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It seems you've inverted Marxism

Reader comment on item: Islam's Inadvertent Patterns

Submitted by James Strom (United States), Mar 10, 2014 at 11:31

Marx famously argued that the means of production determined the habits and ideologies of society. Here you point out a convincing counterexample in which belief, including religion, dominates society, including its mode of production.

And, by the way, all the evidence was available in Marx's time.

Submitting....

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Daniel Pipes replies:

Happy to invert Marx, whose theory of materialism diminishes the human spirit even as it distorts the forces of history. For more on my views, an extract from my 1983 book, In the Path of God:

The philosophical doctrine of materialism impedes comprehension of religion in politics even more than secularism. This doctrine originated in the nineteenth century, when European intellectuals, expressing unlimited confidence in rationality and science, formulated elaborate theories to demonstrate how predictably mankind responds to its environment. One of these theories was Karl Marx's historical materialism which emphasized the importance of changes in economic conditions. According to Marx, the system of labor (slave, serf, capitalist, or socialist) determines all other aspects of society, including its politics, social relations, and culture. Neo-Marxists later modified this theory to allow more flexibility, but Marxist thought continues to emphasize the role of economic relations, while discounting the importance of ideas (scornfully dismissed as "ideology"). Individuals may believe they are motivated by ideals -- patriotism, religious fervor, justice, and humanitarianism -- but materialists invariably discern hidden economic motives. They believe that a calculus of cost and benefit, often unconscious, determines most actions. For example, abolitionists in the United States thought they were motivated by morality to fight the slave trade, but the materialists would argue that slavery hurt their economic interests. So, too, material concerns spurred American rebels in 1776, French revolutionaries in 1789, and Nazi supporters in the 1930s.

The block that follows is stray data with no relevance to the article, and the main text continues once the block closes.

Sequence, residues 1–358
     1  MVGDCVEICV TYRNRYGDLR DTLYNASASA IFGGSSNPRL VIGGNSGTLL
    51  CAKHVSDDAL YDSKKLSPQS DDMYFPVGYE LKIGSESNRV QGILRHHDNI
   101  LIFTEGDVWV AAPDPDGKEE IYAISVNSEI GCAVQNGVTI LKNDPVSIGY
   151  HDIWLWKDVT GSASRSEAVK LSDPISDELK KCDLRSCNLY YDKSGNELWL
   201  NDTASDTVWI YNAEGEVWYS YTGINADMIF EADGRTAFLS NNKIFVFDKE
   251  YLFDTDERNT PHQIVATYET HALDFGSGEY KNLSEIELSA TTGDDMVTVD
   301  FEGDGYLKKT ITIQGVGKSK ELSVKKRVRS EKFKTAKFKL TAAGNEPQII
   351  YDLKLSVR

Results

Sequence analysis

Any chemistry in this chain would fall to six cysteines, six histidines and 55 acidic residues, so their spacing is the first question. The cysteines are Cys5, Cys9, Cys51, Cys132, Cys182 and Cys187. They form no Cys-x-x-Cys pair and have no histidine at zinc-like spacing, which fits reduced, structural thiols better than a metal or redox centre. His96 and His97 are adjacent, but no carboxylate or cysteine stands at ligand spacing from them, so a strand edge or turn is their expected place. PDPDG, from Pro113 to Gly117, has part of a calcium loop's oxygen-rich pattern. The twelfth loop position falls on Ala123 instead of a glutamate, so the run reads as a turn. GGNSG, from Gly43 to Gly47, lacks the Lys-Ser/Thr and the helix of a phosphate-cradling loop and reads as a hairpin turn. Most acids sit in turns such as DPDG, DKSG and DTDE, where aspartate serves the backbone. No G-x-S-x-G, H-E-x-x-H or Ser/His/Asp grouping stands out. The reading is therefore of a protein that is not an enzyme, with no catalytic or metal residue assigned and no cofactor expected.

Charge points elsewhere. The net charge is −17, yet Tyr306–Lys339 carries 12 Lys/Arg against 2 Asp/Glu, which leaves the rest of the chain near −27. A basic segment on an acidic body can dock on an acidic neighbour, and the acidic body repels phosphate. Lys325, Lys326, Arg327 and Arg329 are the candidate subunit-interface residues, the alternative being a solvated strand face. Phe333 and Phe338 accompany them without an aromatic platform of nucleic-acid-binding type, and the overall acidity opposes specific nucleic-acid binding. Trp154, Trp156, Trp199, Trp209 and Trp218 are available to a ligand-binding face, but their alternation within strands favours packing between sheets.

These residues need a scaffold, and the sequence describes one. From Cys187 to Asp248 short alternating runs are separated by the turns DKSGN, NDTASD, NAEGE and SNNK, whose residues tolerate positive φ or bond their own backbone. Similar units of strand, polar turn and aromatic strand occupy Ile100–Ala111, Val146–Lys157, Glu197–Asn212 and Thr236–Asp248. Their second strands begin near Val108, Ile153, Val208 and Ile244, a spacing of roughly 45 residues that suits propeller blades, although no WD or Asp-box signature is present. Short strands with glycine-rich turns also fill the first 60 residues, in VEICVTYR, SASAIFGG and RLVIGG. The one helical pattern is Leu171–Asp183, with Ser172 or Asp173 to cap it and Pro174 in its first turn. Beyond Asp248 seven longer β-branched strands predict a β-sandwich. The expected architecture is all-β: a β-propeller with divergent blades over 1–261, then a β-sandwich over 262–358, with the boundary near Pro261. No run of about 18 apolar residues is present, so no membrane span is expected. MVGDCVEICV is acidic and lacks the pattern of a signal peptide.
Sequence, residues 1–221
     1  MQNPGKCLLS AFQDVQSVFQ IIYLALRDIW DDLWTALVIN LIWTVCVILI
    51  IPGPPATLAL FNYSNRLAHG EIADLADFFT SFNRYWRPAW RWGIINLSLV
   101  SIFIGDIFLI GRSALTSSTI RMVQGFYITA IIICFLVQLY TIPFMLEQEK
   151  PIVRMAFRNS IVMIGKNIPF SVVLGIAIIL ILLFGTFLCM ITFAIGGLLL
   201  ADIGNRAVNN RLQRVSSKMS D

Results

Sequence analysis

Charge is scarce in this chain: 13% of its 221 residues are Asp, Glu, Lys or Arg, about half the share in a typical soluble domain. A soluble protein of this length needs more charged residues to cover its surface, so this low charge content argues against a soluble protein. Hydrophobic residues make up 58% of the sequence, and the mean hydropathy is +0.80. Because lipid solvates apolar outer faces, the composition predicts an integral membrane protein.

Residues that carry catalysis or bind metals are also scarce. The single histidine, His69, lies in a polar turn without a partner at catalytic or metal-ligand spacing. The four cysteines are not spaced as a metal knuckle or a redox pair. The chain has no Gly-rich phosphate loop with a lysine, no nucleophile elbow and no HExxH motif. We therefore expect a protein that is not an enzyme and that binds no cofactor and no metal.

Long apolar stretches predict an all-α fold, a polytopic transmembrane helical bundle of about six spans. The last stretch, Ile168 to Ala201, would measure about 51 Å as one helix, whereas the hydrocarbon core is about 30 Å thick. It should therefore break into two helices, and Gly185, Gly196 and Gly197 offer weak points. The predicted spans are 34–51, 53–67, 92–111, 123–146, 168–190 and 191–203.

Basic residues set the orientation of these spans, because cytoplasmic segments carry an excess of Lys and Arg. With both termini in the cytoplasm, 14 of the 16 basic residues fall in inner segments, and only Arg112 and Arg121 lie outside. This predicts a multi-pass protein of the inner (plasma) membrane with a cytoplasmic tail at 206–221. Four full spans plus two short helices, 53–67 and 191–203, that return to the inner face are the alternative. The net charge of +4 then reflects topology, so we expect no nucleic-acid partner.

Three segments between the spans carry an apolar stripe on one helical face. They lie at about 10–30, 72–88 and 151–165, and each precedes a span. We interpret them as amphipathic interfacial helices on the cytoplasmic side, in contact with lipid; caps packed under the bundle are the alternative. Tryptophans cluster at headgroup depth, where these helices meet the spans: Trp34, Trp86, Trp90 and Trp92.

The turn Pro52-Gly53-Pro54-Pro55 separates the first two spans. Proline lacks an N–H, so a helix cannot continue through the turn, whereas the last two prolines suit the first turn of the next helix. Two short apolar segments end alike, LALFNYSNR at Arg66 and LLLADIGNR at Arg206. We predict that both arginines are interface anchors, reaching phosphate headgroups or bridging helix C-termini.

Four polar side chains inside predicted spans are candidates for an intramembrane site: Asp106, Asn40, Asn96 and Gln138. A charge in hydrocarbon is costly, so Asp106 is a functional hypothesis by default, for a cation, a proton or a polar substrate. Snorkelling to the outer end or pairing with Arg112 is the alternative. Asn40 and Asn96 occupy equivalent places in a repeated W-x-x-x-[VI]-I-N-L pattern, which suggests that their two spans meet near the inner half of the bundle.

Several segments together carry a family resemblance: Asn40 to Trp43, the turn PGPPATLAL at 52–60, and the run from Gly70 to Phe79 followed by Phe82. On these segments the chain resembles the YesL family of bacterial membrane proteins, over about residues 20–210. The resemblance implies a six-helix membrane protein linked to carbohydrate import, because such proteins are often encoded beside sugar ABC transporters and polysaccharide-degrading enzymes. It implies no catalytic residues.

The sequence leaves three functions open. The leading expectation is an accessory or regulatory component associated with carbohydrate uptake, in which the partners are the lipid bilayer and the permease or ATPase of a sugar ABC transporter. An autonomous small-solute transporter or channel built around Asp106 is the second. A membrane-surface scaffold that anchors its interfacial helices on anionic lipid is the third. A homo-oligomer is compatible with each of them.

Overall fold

The trouble with this is that the theory of materialism reduces humans to one-dimensional beings, and the truth is not so simple. Economic factors indisputably have a major role (and they had been quite neglected before Marx), but they do not singly determine behavior. One cannot ignore the wide range of emotions that are not tied to material self-interest: loyalties to family, tribe, ethnic group, language group, neighbors, nation, race, class, or religion sometimes overlap with material interests and sometimes run contrary to them. Material factors alone fail to account for the actions of a George III or a Hitler. They cannot explain the endurance of Communist rule so long after its economic deficiencies have become manifest. Nor can they explain why Japan, an island almost barren of natural resources, is so much better off than mineral-rich Zaire. Much less do material factors show why so many people willingly give up their lives for political causes they believe in.

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